Half of Americans think Obama's immigration policy is "about right," but going around Congress was "too far"

Peter Sullivan --- The Hill 

Half of the public says President Obama's new actions to defer deportations are "about right," compared to only a quarter who say they go "too far," according to a CNN/ORC poll.

The question describes Obama's action, announced last week, to remove the threat of deportation from some people in the country illegally and allow them to apply for a work permit. Fifty percent say this plan is "about right," 26 percent say it goes "too far," and 22 percent say it goes "not far enough."

Obama's actions have met strong resistance from Republicans, who are mapping out strategies to fight the executive order, possibly including a lawsuit or trying to defund the programs through the appropriations process.

When respondents are simply asked if they favor or oppose the policy that Obama announced on immigration, without the policy being described, the results are less favorable to the White House. Forty-six percent are opposed and 42 percent are in favor.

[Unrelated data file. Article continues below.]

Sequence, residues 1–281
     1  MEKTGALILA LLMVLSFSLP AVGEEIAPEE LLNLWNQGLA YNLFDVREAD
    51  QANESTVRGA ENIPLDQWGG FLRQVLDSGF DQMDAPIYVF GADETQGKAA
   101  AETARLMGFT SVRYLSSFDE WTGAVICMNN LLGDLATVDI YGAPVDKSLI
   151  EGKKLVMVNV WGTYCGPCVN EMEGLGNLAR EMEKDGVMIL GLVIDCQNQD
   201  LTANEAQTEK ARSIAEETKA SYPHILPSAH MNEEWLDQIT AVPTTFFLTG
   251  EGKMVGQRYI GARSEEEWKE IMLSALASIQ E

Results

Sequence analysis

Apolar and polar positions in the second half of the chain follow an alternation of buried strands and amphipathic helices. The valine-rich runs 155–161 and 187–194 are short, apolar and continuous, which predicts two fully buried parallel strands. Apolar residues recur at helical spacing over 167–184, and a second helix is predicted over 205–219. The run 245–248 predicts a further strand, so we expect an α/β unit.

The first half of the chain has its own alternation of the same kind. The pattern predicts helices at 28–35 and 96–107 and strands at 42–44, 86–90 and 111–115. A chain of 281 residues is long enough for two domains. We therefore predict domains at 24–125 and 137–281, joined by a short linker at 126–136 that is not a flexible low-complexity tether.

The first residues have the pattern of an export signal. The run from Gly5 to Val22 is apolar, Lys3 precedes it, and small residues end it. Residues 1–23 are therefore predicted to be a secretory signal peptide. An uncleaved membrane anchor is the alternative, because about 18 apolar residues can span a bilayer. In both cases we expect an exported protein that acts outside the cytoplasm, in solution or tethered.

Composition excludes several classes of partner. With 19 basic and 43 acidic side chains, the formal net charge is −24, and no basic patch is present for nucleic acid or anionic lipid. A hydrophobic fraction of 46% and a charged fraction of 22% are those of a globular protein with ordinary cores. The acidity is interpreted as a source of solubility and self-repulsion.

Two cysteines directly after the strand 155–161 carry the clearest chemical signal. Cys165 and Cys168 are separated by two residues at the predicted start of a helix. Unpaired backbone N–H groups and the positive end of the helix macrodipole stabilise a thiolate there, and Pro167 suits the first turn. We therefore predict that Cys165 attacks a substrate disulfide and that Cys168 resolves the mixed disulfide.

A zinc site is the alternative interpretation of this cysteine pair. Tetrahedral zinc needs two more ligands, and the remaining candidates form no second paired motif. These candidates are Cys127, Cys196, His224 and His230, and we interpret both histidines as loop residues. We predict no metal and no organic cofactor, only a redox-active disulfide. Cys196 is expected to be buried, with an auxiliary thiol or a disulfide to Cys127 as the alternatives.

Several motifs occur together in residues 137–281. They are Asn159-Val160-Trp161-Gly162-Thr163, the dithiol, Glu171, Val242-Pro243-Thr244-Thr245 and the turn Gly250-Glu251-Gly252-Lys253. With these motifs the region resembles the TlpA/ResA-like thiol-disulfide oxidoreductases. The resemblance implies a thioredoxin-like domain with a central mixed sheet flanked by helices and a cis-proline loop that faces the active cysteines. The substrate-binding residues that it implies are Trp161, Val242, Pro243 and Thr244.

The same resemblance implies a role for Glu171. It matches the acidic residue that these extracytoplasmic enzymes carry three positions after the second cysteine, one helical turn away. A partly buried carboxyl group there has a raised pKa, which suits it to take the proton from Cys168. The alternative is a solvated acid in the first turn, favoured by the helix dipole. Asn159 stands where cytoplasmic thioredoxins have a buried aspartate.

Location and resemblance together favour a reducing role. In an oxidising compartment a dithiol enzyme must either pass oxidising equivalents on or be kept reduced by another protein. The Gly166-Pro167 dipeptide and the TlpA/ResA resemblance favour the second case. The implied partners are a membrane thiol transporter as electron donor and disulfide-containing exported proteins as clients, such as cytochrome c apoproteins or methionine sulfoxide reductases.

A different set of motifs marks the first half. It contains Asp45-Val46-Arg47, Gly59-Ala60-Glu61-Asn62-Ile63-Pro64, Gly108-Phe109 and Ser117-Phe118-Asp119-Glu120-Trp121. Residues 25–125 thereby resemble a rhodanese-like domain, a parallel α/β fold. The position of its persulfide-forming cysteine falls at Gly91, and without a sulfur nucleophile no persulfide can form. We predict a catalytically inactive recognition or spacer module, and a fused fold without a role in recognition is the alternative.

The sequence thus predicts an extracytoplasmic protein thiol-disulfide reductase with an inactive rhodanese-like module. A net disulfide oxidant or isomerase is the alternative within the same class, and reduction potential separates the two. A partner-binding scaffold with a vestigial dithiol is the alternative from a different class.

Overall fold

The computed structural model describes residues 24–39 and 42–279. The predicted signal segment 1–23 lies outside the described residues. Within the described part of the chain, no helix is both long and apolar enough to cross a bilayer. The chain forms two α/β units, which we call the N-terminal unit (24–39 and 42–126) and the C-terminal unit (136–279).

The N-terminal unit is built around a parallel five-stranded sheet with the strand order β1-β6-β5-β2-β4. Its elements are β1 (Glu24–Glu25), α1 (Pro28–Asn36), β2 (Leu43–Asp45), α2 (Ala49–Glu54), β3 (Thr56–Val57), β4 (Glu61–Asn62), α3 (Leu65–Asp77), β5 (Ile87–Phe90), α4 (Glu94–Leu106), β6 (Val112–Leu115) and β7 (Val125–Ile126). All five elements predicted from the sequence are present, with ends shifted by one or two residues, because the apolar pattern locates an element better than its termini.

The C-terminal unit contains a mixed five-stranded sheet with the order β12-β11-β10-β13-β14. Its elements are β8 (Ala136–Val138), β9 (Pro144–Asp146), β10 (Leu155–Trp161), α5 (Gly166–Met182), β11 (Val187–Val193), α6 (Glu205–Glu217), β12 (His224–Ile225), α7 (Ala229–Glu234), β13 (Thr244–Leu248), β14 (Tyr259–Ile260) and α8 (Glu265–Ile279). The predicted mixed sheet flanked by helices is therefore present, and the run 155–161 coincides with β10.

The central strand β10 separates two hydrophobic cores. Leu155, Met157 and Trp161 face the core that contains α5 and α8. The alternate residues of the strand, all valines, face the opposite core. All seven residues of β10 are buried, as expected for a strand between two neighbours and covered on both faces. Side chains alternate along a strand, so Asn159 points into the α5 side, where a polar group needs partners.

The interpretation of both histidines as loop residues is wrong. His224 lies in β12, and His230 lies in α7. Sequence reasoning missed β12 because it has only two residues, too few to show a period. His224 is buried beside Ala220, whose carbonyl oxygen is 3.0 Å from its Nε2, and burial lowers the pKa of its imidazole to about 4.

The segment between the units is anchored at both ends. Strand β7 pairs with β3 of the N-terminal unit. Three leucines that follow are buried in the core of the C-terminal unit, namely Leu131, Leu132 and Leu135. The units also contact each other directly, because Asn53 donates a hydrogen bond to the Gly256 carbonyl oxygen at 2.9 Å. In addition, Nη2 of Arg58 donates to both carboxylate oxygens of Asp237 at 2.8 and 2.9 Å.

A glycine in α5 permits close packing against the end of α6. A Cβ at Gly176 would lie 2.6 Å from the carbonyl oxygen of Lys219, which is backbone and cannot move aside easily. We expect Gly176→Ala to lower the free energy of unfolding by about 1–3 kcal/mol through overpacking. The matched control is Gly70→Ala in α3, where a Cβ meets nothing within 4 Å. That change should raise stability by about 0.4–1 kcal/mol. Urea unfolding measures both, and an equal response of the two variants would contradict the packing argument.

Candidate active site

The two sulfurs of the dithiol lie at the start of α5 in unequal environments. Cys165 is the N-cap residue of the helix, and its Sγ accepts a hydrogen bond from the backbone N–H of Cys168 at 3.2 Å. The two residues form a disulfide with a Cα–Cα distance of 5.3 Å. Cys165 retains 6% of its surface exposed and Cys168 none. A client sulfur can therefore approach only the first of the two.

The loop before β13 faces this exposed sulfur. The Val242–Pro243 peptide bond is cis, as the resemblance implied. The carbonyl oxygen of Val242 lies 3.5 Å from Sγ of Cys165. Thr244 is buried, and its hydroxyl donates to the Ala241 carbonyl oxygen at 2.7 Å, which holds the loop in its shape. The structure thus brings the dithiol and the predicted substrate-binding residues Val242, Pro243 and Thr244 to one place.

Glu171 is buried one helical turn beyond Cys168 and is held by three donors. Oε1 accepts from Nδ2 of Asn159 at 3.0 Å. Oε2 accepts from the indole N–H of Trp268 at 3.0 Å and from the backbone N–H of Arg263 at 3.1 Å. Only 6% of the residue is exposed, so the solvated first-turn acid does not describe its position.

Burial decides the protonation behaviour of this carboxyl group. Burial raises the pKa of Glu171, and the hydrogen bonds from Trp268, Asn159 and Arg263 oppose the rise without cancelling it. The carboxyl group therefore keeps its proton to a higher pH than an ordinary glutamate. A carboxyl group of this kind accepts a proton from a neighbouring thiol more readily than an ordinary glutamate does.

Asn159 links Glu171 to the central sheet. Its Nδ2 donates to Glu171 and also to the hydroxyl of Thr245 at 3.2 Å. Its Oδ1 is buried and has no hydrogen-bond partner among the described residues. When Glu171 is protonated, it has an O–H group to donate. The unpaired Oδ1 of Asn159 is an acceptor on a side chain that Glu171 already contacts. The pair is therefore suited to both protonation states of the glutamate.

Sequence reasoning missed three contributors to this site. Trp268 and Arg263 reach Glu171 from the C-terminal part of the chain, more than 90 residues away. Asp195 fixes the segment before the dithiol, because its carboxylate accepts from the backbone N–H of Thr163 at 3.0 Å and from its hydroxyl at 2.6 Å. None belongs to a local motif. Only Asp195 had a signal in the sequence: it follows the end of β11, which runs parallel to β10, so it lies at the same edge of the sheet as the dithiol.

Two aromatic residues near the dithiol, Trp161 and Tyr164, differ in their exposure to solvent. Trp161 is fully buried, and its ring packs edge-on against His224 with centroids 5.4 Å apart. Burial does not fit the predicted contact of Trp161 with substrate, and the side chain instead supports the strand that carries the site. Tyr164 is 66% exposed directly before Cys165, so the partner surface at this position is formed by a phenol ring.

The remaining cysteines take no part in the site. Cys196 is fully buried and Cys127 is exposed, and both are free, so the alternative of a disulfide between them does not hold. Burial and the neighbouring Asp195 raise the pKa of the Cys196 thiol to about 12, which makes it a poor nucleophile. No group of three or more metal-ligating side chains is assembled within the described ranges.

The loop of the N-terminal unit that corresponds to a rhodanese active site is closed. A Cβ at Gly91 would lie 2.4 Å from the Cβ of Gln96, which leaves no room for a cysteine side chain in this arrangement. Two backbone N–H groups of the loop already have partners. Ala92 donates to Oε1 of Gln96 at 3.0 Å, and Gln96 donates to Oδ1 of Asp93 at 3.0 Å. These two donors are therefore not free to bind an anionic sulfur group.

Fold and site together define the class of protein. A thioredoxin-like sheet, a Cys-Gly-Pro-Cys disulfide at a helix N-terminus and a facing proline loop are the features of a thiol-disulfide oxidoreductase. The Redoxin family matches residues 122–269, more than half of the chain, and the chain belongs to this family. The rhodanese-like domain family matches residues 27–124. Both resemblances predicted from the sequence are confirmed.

That Obama is acting on his own, without Congress, is also unpopular. Fifty-six percent oppose the president using executive action to implement the policies, while 41 percent are in favor.

Obama argues he would prefer to sign legislation from Congress, but GOP lawmakers in the House have refused to move forward, so he is forced to act alone.

The public is almost evenly split on whether Obama has the legal authority to act on his own, with 49 percent saying he does, and 48 percent saying he does not. 

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